In today’s Indonesia, public theological discourse is messy, sectarian, superficial, and highly apologetic. While the state philosophy of Pancasila offers an inclusive theological vision of citizenship and nationhood, its inclusiveness and dialogical character suffer from the exclusive use of the combination of the modern world-religion paradigm, European Christian theology, and Islamic parameters. This essay argues that the new comparative theology can serve as a dialogical theological reasoning that is particularly helpful to foster theologically constructive encounters among different religions, and thus able to address public concern, especially identity politics. This essay presents some concrete examples of comparative theological works in the Indonesian context, drawn from the author’s experiments. These highlight the dialogical, confessional, spiritual, and constructive characters of this theological reasoning, and pay attention to the hybrid identity and local cultures that form the richness of the Indonesian reality.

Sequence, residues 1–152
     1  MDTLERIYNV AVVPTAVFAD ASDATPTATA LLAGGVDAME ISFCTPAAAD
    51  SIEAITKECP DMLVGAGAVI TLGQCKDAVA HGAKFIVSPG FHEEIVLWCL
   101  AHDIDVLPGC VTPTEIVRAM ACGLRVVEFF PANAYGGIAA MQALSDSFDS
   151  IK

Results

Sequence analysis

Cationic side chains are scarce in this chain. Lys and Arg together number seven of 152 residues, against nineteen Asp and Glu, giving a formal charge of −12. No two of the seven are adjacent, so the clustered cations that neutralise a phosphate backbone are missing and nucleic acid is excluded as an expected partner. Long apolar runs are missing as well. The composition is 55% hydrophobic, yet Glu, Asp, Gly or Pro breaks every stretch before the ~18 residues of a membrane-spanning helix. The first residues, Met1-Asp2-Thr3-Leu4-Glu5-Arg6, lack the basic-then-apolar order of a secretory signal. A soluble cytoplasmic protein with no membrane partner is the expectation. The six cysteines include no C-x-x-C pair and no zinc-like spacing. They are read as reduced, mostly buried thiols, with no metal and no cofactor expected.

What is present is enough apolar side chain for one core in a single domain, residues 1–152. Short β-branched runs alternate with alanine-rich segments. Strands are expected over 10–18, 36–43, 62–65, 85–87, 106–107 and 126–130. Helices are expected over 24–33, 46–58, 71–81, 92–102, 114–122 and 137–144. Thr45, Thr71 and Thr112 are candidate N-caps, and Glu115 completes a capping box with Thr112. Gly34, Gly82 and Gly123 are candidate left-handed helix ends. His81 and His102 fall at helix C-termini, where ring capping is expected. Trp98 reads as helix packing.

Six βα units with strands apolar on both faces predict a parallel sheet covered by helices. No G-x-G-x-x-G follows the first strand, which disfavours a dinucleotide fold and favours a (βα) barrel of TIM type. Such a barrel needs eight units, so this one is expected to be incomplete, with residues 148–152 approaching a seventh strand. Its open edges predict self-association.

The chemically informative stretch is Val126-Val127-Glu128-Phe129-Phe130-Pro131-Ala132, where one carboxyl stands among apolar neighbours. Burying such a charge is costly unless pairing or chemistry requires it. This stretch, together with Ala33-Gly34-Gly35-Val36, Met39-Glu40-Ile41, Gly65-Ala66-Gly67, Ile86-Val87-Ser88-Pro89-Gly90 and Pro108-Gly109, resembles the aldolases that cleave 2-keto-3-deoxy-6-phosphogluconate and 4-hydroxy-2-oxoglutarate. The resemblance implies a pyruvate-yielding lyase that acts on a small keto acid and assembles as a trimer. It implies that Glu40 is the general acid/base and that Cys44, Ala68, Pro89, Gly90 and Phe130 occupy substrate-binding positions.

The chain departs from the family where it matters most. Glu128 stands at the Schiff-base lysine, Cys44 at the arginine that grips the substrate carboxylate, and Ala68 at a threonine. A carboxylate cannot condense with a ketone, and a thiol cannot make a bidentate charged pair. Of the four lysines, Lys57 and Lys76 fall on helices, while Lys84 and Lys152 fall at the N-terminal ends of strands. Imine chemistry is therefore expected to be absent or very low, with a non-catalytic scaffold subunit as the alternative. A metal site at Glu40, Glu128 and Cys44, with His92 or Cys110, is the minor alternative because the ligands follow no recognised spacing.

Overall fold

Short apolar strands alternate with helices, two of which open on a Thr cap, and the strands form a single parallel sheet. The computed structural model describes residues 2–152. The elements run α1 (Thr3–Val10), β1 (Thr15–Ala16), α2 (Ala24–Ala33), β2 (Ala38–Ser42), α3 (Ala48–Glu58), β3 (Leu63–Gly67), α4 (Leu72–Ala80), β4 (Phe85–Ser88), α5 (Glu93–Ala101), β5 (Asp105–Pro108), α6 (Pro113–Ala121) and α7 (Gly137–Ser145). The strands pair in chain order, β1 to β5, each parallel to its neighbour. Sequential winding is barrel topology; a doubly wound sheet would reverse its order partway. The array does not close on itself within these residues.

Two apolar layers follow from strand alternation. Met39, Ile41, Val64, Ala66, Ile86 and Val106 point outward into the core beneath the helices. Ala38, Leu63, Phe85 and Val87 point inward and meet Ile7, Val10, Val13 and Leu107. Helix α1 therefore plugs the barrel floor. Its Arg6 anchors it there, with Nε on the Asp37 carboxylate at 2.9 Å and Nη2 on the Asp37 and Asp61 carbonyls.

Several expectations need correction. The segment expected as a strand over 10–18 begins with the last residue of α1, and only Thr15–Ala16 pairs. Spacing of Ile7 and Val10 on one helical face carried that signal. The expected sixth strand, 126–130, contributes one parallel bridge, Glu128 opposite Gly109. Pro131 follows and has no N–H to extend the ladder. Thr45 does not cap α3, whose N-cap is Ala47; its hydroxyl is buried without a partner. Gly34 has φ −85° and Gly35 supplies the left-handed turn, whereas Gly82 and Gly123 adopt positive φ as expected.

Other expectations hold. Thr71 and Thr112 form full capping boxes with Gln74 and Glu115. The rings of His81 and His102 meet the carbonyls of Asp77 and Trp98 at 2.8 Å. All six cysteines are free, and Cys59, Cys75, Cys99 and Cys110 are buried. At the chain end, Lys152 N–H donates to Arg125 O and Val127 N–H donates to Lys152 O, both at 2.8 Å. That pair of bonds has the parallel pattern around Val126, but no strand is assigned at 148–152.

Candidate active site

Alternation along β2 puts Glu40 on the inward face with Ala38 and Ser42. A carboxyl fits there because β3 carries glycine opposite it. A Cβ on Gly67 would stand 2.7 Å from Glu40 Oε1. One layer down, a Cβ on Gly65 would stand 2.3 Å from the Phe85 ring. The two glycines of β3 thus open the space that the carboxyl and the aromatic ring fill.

Informed by postcolonial theories and approaches, and based on the works of three Indonesian Catholic writers, this essay looks at the ways in which these writers address the question of identity. They propose the notion of hybrid identity where the identity of the nation is built upon different layers of racial, ethnic, and religious belongings, and loyalties to local tradition and aspirations for modernity. While this notion of identity is inspired by the framework of “catholicity”, it is also “postcolonial” for a number of reasons. First, its formation betrays traces of colonial conditions and negotiations of power. Second, it reflects the subject position of these writers as Indonesian natives who embraced a religion that has complex ties to European colonialism and problematic relations with Islam. Third, it criticizes the post-colonial state and society, which perpetuate many of the ills of the colonial political system, including racism and the abuse of power. Their discourse also reveals the pain of being hybrid, mainly in their inability to appropriately tackle the question of political Islam. The recent political upheaval reveals the need for more creative engagement with political Islam in order for this hybrid identity to work.